Foreign Corrupt Practices Act (FCPA)

Enacted in 1977, the Foreign Corrupt Practices Act (FCPA) makes it illegal for U.S. citizens, U.S. companies and certain foreign companies to bribe a foreign government official in order to obtain or retain business. However, despite the law’s good intentions, the government’s recent FCPA enforcement practices have created major uncertainty for American businesses and highlighted the need for reforms. read more...

Since the FCPA was enacted, trade’s importance to the U.S. economy (as a percentage of GDP) has grown more than fifty percent, and exports of U.S. goods exceeded $2 trillion in 2012. At the same time, foreign governments have increasingly enmeshed themselves in private businesses. 

Unfortunately, the FCPA has not evolved to reflect these changes in the global economy – creating unprecedented uncertainty for American businesses selling goods and services overseas. They are now exposed to civil and criminal penalties for conduct that is, in many cases, beyond their control and knowledge.

For example, when an employee of an American company takes an employee of a company partially owned by the Chinese government to lunch or pays for his cab ride, does that constitute an FCPA violation? And what happens when a rogue employee knowingly violates a company’s internal FCPA compliance system? Should the company be held liable too?

To help address these and other questions, the Department of Justice and the Securities and Exchange Commission released unprecedented joint guidance on their enforcement of the FCPA in November 2012. While this guidance was an important first step towards providing businesses with much-needed clarity and certainty, more reforms are needed. These include ensuring that U.S. companies implementing robust anti-bribery programs are not punished for the actions of rogue employees. The government should also provide a clearer definition of who constitutes a “foreign official” under the statute. It is currently unclear when or whether a foreign government’s involvement in a business makes the company’s employees foreign officials.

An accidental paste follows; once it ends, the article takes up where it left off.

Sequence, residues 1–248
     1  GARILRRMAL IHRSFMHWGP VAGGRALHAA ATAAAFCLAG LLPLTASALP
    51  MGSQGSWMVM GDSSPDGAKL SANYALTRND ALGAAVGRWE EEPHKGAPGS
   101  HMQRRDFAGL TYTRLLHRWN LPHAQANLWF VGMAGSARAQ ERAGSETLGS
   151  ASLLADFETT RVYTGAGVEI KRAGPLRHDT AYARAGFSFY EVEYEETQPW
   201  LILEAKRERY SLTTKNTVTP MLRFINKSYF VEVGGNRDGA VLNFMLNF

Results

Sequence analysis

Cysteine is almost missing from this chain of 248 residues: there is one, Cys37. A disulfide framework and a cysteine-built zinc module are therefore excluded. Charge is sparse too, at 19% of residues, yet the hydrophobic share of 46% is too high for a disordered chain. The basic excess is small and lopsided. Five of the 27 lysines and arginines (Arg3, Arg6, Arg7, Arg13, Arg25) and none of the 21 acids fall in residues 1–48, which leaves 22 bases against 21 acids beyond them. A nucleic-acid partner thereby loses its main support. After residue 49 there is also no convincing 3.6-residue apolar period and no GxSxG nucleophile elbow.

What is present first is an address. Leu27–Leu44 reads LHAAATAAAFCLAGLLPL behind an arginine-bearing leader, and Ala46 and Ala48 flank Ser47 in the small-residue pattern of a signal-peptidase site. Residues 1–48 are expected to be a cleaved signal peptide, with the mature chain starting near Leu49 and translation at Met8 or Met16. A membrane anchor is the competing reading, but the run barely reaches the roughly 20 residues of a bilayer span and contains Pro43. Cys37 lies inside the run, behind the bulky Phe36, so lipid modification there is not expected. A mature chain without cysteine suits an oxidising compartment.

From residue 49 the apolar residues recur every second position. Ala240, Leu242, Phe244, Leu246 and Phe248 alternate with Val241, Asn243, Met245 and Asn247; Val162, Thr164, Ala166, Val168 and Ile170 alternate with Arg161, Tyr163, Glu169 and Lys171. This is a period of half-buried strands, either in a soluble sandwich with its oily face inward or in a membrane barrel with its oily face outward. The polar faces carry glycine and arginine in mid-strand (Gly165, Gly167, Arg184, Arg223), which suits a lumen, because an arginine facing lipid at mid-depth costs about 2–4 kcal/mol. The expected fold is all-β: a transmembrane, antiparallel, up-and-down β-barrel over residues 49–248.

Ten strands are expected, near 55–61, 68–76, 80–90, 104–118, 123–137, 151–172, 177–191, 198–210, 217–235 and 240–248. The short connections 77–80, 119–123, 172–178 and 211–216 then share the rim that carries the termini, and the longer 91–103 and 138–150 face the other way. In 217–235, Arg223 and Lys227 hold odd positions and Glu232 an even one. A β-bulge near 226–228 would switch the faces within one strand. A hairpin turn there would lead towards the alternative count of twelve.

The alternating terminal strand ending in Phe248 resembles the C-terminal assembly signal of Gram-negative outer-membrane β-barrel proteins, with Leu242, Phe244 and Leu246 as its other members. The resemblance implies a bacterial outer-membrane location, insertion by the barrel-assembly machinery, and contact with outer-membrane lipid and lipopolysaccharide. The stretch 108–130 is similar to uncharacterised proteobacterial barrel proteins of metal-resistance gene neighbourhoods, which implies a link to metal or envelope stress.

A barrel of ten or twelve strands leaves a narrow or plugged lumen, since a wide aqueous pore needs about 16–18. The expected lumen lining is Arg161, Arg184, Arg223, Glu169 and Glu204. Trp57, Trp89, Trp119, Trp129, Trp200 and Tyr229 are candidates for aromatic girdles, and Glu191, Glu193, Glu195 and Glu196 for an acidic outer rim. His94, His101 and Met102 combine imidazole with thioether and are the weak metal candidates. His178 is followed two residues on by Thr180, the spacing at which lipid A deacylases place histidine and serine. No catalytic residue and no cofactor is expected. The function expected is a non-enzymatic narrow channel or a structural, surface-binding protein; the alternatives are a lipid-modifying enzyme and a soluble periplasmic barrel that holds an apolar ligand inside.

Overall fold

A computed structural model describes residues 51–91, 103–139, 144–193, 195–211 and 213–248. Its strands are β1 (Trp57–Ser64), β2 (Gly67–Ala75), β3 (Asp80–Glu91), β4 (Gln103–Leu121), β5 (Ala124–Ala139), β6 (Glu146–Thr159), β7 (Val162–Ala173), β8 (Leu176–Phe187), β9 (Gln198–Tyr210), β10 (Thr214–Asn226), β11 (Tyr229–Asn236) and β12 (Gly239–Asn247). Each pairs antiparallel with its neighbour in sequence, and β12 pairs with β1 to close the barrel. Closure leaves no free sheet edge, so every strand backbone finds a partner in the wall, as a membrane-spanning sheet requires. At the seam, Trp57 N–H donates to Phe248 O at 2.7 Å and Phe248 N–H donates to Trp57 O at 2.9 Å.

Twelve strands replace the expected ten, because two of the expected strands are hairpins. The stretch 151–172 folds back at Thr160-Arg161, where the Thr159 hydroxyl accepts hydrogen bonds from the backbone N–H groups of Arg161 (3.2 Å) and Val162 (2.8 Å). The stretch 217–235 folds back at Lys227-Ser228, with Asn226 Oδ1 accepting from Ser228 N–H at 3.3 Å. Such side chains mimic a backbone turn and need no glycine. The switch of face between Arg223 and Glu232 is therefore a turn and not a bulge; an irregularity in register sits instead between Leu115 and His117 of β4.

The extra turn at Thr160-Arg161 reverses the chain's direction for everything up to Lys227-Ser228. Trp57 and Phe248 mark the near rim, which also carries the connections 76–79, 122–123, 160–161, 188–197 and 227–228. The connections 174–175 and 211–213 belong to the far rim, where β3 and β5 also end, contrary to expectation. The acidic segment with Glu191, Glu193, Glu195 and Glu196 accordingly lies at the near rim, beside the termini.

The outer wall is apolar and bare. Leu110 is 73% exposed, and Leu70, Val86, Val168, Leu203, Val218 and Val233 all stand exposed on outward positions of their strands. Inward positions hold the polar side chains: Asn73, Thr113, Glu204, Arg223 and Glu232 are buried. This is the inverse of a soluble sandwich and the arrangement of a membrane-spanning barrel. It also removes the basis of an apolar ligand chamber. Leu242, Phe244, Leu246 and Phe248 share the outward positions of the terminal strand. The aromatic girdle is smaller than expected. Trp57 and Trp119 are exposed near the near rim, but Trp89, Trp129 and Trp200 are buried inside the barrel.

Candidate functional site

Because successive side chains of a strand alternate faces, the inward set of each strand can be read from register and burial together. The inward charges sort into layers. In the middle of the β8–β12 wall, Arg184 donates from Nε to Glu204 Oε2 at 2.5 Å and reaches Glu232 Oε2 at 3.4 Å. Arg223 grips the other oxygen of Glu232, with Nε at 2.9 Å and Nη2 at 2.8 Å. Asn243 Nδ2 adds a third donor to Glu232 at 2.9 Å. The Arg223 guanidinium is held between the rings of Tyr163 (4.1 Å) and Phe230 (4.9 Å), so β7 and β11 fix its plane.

More information about ILR’s proposals for FCPA reform can be found in its 2010 white paper Restoring Balance: Proposed Amendments to the Foreign Corrupt Practices Act.



The ILR Research Review - Volume 1

December 18, 2014 | The second issue of the ILR Research Review offers valuable insights from our preeminent experts and specialists on key topics addressed in the latest of ILR's research reports.

Legal Limbo: Seeking Clarity in How and When the Department of Justice Declines to Prosecute

October 24, 2012 | This paper addresses the need for change and improvement in the process by which the Department of Justice ("DOJ" or "the Department") notifies subjects of its investigations that matters have been closed with no prosecution and in how the Department documents publicly the generic reasons behind these decisions.

All Results for Foreign Corrupt Practices Act (FCPA)

In the News Today - November 19, 2015

November 19, 2015 | Insights

Prosecution Rests its Case in Sheldon Silver Trial: Throughout the trial of the indicted former New York Assembly Speaker, prosecutors "focused on advancing the notion that Mr. Silver systematically masked any involvement he had with asbestos litigation in an effort to obscure one of the alleged schemes: that he was receiving fees from a law firm for referring patients recommended to him by a doctor in exchange for directing state grants to that doctor's field of research." (Wall Street Journal) Read More »

In the News Today - November 18, 2015

November 18, 2015 | Insights